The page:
This week, we thought it might be interesting to share some of the feedback we are getting from users and how this is informing changes we are making to the sova sites.
Last year, Theresa wrote and then recently reposted a brief overview of all the different types of helping professionals who can help to treat mental illness called, “What do all these letters mean?” – referring to the post-nominal letters after a professional’s name like PhD.
We received several comments on that article letting us know it was helpful but that young people especially wanted to know more information and details. Our new research assistant, Amie, set to work. At first she created a table which looked great on word but blurry in wordpress. We have started using piktochart, an infographic design app, for a newsletter we send out to research participants. We thought – why not try making a more interesting looking infographic instead of a table? Infographics look great and seem to be more engaging, grabbing a user’s attention in a fun way. Although as Amie will tell you, they do require some time and perseverance!
These articles were published yesterday on sova and wisesova with the infographics.
What do you think? Feel free to comment below or email us! We value you this group as our stakeholders and welcome any advice! Thank you!
A year ago we posted about the development of the Crisis Text Line and how it’s a transformative tool for people to be able to text someone when they are in crisis. Since the Crisis Text Line’s inception, they have had 16,185,952 messages exchanged since August 1, 2013.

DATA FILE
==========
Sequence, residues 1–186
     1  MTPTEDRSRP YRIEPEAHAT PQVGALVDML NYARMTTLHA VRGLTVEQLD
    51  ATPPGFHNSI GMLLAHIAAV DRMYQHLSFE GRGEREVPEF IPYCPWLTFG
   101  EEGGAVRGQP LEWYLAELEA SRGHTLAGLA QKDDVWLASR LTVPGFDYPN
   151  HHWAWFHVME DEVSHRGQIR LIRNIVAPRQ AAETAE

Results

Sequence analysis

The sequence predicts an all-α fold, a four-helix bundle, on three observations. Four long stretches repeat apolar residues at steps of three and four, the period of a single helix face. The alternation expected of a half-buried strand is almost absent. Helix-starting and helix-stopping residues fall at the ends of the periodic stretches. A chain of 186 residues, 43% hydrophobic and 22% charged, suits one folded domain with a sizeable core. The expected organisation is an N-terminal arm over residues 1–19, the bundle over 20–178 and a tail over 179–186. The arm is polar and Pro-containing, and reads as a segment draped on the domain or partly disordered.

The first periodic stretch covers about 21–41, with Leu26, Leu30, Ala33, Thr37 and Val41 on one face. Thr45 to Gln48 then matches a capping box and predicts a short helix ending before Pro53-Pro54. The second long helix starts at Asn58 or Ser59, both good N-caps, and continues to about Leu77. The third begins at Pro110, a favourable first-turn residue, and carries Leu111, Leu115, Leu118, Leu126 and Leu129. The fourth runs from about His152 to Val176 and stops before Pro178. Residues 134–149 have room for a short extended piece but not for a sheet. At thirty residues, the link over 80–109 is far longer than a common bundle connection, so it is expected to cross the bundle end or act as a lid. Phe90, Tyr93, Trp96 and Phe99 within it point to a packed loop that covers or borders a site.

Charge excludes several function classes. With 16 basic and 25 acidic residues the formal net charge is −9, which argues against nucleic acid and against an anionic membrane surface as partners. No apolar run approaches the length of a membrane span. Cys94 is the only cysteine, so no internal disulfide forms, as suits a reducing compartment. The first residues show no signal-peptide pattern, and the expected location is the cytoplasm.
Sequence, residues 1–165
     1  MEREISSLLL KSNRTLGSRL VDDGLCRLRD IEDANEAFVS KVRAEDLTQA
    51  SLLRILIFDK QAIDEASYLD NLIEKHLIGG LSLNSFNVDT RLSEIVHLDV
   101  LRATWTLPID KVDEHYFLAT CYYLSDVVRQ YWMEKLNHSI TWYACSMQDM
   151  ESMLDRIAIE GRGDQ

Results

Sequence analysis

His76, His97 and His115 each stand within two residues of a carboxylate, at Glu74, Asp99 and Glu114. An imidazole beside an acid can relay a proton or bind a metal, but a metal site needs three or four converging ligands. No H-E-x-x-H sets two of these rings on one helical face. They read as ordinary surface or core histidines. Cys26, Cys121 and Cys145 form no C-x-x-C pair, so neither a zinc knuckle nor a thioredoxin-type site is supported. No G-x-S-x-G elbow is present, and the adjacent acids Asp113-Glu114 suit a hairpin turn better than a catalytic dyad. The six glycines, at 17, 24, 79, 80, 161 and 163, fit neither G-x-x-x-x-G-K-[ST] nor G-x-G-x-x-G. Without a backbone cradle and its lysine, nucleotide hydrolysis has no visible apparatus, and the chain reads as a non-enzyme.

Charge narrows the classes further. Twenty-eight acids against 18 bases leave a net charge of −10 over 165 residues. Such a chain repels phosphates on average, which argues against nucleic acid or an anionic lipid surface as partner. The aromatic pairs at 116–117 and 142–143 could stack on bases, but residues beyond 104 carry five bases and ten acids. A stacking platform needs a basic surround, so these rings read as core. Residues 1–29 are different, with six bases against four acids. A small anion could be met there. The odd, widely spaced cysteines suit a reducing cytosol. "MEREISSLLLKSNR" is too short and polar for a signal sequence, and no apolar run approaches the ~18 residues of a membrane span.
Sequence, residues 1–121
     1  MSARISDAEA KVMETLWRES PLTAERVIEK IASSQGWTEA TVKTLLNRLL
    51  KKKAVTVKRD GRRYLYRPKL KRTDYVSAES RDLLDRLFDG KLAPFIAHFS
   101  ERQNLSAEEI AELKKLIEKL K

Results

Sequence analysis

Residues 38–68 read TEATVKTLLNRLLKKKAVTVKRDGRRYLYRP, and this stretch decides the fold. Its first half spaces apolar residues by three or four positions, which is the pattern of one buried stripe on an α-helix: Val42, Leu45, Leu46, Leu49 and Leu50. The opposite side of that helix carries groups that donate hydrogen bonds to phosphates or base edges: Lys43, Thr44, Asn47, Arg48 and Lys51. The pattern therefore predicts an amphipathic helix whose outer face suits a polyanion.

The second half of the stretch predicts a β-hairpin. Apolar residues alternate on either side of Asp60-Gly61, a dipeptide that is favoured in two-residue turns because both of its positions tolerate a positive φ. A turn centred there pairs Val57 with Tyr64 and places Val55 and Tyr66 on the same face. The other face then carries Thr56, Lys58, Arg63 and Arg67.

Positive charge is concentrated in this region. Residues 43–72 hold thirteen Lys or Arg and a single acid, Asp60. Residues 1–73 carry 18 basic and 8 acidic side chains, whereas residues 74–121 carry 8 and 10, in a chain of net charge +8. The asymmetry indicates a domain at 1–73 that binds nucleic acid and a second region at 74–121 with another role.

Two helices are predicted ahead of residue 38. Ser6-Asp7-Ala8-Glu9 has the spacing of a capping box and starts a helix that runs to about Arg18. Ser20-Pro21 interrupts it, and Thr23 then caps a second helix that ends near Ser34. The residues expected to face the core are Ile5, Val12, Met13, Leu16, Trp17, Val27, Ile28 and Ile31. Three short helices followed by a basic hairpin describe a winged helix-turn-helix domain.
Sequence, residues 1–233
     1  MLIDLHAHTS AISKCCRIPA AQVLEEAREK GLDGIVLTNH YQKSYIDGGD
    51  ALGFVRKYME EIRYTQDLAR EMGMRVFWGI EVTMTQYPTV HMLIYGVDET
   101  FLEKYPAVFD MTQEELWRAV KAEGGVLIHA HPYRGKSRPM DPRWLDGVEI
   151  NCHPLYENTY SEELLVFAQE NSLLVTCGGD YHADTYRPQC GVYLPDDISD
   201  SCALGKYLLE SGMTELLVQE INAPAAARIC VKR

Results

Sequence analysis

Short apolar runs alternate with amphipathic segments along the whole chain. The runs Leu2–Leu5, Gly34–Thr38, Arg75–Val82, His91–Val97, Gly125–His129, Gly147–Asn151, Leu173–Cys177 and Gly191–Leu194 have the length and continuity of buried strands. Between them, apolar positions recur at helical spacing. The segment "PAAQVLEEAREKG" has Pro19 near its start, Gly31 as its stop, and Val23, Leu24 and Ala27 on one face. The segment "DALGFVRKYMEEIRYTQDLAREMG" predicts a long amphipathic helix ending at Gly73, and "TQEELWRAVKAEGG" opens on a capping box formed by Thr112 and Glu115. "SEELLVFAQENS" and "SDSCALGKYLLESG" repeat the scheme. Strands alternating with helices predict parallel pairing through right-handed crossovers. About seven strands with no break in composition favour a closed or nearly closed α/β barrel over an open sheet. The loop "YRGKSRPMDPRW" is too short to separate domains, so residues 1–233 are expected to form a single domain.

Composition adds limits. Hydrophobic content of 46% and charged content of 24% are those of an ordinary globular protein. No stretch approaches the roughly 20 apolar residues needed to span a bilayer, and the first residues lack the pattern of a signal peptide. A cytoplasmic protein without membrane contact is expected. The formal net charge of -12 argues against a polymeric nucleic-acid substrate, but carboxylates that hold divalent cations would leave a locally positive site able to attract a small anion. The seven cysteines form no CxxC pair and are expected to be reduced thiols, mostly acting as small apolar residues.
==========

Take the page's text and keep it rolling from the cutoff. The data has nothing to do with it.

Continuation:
“That’s the volume, velocity and variety to provide a really juicy corpus.We can do things like predictive work.We can do all kinds of conclusions and learnings from that data set.So we can be better, and the world can be better.”
Furthermore, CrisisTrends.org has been launched to share ALL THIS DATA with us! Crisis Trends aims to empower journalists, researchers, and citizens to understand the crises Americans face so we can work together to prevent future crises from happening. From the TED talk:
“This data is also making the world betterbecause I’m sitting on the world’s first map of real-time crises.Think about it:those 6.5 million messages, auto-tagging through natural language processes,all of these data points —I can tell you that the worst day of the week for eating disorders: Monday.The worst time of day for substance abuse: 5am.And that Montana is a beautiful place to visitbut you do not want to live there,because it is the number one state for suicidal ideation.”
With this information, we can know when people are most affected by certain mental health issues, and we can create better interventions.
Last week when we attended the NAMI Southwestern PA Annual Education Conference. One of the speakers was Zach Valenti. Zach is a filmmaker, Voice Actor, and Mental Health Activist who believes that the power of communication and mindfulness are life changing.
While an undergraduate, Zach studied film and what makes people “care” in a film setting. He used these skills and tools to interact with his fellow students at organized events and created a carnival around mental health awareness. He found that adding an element of fun, meeting people where they are and engaging naturally was the best way to reframe conversations around mental health.